In his second book of poetry, Louis Cecile intertwines four primary sets of poems that investigate sight—how humans see and are seen—as well as that which is impossible to see. Cecile approaches his topics—pornography, online dating, the supernatural, and racially charged language—concerned with the public, the private, and the unknowable. His language can be dense and some of his references obscure, but the poet’s questioning acts as an engine, exciting readers to connect the mysteries of Cecile’s inquiries.
The first section of the book consists of two parts, “Eternal” and “Fear of Reality,” in which Cecile engages issues of race, from a grandfather warning his grandchild, “No more black babies,” to being cast as the “Token Nigga.” These poems post an emotional stake, and while the language tends toward prose, the work pushes readers to think about prejudice and complicity. “Fear of Reality” contains the most obscure pieces in the book. The poet references a number of demons, a fall from grace, a disturbed and prolonged pre-sleep hallucination, and a suicide, all of which are being watched by both the good and the evil characters of the dreamscape.
This obsession with watching and being watched appears in the next section, “Obsessive Excitement,” also carved into three acts. Here a woman becomes a porn star and gains an obsessed fan. Cecile alternates between the male and female voice, and sex becomes salvation, power, commodity, and connection. The power of vision, of being seen, again comes to the forefront as Cecile asks readers the effect and cause of exhibitionism and voyeurism. These poems feature a blunt narrative voice and adult language and cover a broad spectrum of sexual situations, but the poems are not gratuitous in their use of sex. Cecile is asking questions about the nature of sexuality in an increasingly commodified and visual society.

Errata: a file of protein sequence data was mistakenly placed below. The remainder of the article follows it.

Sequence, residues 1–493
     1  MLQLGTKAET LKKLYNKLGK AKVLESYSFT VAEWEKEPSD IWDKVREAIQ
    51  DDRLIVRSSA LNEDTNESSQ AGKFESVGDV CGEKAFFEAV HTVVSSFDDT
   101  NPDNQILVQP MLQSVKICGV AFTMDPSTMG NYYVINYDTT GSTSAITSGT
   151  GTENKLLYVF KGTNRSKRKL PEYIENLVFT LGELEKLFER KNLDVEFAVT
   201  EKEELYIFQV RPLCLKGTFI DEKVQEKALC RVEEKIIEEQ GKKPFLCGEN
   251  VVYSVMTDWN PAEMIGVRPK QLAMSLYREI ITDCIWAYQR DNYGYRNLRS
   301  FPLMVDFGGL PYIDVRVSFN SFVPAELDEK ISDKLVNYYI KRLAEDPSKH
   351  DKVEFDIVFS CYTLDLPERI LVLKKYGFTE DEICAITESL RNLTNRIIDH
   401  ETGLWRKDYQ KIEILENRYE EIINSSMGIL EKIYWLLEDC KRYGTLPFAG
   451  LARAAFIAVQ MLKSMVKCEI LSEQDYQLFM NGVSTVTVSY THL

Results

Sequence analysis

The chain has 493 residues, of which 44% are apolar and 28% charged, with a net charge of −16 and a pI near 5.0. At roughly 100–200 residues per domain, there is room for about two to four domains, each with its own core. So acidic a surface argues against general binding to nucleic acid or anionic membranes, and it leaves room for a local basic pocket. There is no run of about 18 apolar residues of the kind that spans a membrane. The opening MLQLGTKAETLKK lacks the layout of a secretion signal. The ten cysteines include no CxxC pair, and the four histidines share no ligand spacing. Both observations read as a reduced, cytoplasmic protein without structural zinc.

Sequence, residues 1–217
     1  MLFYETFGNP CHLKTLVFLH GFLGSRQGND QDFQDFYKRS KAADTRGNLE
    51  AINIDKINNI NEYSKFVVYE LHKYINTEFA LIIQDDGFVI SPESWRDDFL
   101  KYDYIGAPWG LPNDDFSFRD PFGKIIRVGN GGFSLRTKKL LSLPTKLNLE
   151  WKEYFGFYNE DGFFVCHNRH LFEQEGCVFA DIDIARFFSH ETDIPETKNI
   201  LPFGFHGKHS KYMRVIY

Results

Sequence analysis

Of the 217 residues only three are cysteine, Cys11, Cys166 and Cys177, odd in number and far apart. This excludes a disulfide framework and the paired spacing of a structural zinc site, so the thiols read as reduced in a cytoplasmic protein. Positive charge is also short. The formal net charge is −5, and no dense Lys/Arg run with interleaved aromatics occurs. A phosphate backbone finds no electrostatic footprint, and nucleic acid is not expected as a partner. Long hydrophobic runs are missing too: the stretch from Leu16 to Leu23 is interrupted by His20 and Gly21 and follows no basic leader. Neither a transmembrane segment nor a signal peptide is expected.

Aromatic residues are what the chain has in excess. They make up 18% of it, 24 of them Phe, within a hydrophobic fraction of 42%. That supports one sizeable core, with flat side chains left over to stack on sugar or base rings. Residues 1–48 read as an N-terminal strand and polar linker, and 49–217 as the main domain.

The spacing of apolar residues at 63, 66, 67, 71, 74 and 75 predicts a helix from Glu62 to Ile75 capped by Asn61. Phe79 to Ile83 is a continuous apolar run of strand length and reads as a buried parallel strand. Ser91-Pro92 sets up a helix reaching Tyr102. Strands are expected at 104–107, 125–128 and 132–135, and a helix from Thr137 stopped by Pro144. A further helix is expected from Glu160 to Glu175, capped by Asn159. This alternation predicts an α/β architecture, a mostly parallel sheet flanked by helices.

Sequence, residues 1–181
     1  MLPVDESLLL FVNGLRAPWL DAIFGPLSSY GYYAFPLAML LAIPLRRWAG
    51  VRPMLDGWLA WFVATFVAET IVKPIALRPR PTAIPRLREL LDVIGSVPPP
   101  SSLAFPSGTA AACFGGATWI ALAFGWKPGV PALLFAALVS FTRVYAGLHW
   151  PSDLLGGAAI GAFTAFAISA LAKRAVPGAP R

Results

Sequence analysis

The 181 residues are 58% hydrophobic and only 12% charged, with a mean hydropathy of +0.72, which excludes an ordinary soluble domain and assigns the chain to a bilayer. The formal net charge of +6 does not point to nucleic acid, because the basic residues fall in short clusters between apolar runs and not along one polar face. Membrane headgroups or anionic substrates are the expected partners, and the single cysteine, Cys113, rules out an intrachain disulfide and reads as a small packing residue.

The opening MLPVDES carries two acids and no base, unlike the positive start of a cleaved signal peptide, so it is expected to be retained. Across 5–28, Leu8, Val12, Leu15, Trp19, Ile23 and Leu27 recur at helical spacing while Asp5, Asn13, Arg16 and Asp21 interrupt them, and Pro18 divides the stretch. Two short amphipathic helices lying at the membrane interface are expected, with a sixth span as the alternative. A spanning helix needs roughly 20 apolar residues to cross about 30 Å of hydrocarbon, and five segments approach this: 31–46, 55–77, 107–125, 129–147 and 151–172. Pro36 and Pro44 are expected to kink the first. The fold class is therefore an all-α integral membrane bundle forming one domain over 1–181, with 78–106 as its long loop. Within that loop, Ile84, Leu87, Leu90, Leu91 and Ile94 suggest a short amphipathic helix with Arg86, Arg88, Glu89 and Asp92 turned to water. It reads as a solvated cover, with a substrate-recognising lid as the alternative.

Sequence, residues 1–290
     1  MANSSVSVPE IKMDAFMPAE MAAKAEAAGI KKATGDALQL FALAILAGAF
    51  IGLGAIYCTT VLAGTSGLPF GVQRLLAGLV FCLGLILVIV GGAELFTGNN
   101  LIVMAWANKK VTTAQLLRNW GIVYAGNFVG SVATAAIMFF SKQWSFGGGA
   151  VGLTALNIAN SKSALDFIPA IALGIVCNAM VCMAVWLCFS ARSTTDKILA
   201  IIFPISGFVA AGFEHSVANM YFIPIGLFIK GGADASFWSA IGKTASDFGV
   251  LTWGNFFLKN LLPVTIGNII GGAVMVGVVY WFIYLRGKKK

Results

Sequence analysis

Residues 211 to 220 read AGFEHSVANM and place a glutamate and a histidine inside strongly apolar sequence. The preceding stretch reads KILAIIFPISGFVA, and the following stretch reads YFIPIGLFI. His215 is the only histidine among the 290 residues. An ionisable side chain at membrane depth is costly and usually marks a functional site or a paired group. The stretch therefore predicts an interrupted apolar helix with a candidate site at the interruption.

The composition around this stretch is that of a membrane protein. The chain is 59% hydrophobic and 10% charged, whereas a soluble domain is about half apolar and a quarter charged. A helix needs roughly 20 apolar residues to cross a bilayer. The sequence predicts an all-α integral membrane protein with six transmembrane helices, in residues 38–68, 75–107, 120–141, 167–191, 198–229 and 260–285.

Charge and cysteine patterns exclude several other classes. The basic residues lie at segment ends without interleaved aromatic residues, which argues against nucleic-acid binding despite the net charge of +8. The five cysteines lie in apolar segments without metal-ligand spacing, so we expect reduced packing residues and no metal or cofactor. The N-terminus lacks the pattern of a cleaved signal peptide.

He deals with the online world in the next section, where he charts, using male and female voices, an Internet romance and its resulting virtual marriage. The penultimate section imagines a zealot who takes a young man captive and attempts to convert him, causing the man to take revenge against the “teacher.” In these sections, Cecile wonders if intimacy is possible online or in a relationship based on Stockholm syndrome. Are the emotions in the cyberworld real? Can the intimacy between a captor and captive create a relationship of lasting devotion?
Cecile’s emphasis on vision and understanding is compelling, but his use of language is not quite up to the depth of his thoughts. Careful paring of extraneous language, more lyric imagery, and tighter poem selection would improve his efforts. Still, the content of Entwined Mystery and the questions the poet asks will provide many readers with internal dialogue long after the reading is complete.